Meditation was the start of my mindfulness practice. With the help of my therapist, and recovery, and some really good literature (shout out to Eckhart Tolle), I began acknowledging emotions instead of fighting them. I began to find the power in my vulnerability. I realized that being vulnerable saves me from trying to manage my life and giving my addictions all the power. The depression, over-eating, self-harm were revealed as behaviors that I used to sedate myself from myself. Acceptance of my emotions gave me space to learn self-care and self-awareness. It gave me space to sit, think, and then, act.
Eckhart Tolle references this space. He says, “That space, of course, comes when there is inner acceptance of whatever you are experiencing in the present moment.”
“There is nothing you can do about the fact that at this moment this is what you feel. Now, instead of wanting this moment to be different from the way it is, which adds more pain to the pain that is already there, is it possible for you to completely accept that this is what you feel right now?”
I found that the moment we stop giving power to the painful emotions by no longer “trying to resist them,” we keep them from controlling us. I realized that I was lonely, even in a relationship where I was the most financially stable I had been in years, I was still lonely. I began to accept that loneliness and stopped trying to run away from it. The meditation helped me hear myself. The acceptance of myself and my emotions and my loneliness helped me find a mindful way to deal with the parts of my life that weren’t so savory. Eventually, this self-awareness and acceptance opened my eyes to the acceptable losses in my life. The losses that I might need to initiate in order to bring freedom to myself. My partner was one of those losses. I found the power of walking away. I found the freedom of no longer trying to change myself in order to please someone else. I found the space to search for real connection with myself.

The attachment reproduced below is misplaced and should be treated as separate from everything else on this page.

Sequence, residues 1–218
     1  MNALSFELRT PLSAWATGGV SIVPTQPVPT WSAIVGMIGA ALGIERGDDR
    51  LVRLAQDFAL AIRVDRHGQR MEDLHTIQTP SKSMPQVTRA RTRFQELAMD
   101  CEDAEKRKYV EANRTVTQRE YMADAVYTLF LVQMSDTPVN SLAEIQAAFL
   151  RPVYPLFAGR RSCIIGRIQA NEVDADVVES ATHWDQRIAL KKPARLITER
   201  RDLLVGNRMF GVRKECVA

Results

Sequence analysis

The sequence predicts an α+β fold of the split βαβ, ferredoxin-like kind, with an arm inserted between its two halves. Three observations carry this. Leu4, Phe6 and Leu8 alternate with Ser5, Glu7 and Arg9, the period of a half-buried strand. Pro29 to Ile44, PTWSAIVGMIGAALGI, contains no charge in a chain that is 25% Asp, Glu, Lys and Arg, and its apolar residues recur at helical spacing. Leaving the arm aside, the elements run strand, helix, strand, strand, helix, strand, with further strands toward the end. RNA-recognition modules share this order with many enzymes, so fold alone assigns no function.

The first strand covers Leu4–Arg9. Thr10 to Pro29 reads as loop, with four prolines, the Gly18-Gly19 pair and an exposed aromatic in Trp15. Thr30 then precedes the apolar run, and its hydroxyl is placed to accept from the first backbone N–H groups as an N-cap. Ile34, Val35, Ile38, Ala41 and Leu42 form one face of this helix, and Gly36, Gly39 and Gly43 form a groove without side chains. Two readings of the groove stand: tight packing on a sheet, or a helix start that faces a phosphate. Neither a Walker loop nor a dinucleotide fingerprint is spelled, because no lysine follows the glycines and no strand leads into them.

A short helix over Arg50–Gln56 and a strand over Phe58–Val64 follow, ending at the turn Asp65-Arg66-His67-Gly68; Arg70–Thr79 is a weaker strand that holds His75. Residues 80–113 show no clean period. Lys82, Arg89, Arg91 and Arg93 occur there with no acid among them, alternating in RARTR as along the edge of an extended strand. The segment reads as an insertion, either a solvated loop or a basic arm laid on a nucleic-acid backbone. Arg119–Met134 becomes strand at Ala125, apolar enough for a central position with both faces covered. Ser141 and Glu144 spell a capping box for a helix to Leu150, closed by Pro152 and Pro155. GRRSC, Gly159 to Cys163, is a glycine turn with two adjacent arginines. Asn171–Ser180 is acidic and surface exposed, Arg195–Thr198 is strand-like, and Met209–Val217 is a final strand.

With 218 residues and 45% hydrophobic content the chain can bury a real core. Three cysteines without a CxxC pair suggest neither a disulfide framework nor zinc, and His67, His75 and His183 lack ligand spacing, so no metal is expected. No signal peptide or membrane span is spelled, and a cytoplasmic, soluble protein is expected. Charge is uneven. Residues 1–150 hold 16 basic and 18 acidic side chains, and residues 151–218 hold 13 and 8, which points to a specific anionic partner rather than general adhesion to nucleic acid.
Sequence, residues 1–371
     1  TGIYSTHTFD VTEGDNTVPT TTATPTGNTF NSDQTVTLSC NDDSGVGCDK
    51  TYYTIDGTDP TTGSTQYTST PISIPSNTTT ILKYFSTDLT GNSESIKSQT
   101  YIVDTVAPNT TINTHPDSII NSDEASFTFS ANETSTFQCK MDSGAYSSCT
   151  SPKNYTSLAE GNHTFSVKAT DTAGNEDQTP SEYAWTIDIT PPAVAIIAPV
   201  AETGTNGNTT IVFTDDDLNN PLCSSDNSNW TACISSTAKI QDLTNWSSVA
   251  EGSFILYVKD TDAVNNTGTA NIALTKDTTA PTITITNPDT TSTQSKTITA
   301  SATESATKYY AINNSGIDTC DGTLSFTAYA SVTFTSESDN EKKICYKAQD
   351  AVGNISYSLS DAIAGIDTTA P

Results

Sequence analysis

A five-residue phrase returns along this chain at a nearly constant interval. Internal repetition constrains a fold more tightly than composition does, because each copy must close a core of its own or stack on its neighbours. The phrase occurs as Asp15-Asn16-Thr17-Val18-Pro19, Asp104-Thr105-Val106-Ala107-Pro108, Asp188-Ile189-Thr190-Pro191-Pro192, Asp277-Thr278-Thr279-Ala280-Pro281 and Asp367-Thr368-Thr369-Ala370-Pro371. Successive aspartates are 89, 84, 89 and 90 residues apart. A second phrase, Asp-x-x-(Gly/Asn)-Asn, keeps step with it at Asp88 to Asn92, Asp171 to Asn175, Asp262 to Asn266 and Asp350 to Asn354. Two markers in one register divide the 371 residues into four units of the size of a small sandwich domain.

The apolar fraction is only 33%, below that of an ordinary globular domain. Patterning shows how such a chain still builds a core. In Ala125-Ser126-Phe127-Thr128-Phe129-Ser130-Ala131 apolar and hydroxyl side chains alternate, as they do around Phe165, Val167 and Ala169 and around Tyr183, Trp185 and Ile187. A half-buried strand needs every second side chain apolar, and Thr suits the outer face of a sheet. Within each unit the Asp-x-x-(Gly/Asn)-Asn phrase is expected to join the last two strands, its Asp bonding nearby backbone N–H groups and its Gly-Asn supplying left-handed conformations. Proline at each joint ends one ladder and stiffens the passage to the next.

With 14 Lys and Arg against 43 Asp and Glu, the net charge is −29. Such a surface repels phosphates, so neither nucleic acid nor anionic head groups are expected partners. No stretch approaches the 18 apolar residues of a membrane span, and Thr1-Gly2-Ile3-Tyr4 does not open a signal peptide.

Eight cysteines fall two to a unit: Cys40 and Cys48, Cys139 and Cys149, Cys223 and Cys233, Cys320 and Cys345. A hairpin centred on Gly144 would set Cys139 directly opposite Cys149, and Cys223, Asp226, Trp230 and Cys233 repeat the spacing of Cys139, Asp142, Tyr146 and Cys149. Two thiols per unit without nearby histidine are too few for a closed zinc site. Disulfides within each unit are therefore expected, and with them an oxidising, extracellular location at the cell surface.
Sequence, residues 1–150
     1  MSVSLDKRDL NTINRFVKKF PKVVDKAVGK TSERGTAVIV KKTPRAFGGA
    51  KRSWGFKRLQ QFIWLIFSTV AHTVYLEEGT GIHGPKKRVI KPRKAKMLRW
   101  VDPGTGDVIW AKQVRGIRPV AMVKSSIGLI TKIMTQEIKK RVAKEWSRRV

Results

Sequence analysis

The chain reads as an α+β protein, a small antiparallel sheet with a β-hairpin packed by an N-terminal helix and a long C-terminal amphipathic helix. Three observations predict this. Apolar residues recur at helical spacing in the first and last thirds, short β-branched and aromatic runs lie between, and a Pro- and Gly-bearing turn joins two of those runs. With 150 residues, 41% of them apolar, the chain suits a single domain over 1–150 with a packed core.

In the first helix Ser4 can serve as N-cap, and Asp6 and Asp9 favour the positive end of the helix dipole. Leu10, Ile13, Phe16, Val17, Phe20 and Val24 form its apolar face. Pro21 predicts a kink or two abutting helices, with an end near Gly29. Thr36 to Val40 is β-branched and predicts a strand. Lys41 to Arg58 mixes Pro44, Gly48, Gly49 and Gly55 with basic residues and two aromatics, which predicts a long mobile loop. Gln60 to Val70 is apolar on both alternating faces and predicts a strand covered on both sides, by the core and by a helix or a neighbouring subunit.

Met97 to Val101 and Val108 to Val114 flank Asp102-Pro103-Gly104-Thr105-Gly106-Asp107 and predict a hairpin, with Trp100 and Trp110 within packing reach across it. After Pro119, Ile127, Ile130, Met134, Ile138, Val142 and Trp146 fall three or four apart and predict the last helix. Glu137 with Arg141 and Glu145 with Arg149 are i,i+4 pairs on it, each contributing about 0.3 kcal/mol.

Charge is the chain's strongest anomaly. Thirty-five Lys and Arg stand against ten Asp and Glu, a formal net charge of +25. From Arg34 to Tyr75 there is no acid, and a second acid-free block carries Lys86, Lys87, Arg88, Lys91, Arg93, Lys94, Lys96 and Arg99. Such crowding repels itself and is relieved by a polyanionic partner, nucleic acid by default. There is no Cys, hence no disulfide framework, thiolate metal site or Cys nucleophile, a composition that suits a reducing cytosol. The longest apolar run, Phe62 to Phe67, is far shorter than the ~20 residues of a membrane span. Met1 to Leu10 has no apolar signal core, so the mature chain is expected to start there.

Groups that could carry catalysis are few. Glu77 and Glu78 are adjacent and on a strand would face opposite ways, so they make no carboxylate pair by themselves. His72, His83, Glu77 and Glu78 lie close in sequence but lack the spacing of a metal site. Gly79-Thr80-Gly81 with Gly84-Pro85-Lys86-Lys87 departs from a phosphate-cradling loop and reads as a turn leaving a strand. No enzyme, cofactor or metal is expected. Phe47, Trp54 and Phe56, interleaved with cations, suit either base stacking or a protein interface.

There are acceptable losses in our lives, places where we have to lose in order to win ourselves back.-TheMomChronicle
Sometimes, people see acceptance of a current situation as losing, but if you accept it and listen to what it’s trying to teach you, acceptance becomes the beginning of new growth.
Meditation has this reputation as some weird Eastern practice, a strange ritual that is too far out there for many, but I think many people are unwilling to try meditation because it requires them to sit alone, and when you’re alone, you can hear your thoughts. You can really hear what’s rattling around on the inside. You can’t run from it. You can’t hide your true intentions, your inhibitions, your inadequacies. It is all right there; you are transparent to the most important person in your life: yourself. If you want to live an aware life, a regular meditation practice can teach you how to slow down the white noise and really tune in to the world around you and your response to that world.
One of the most useful lessons I have learned through daily meditation – emotions are like waves. They will pass. Even though you feel them, they will pass. As Leo Tolstoy says, “The two most powerful warriors are patience and time.”
The interesting thing about this year? After a year of addressing my loneliness by staying single and listening to myself and working on my own recovery, I handled the chaos and uncertainty gracefully. For the first time in my life, I understood myself. I began to understand the patterns that motivated my behaviors and elicited such strong emotions. My journey to understanding began with meditation that opened up space for acceptance. I accepted where I was and from that acceptance grew an awareness that I wanted change.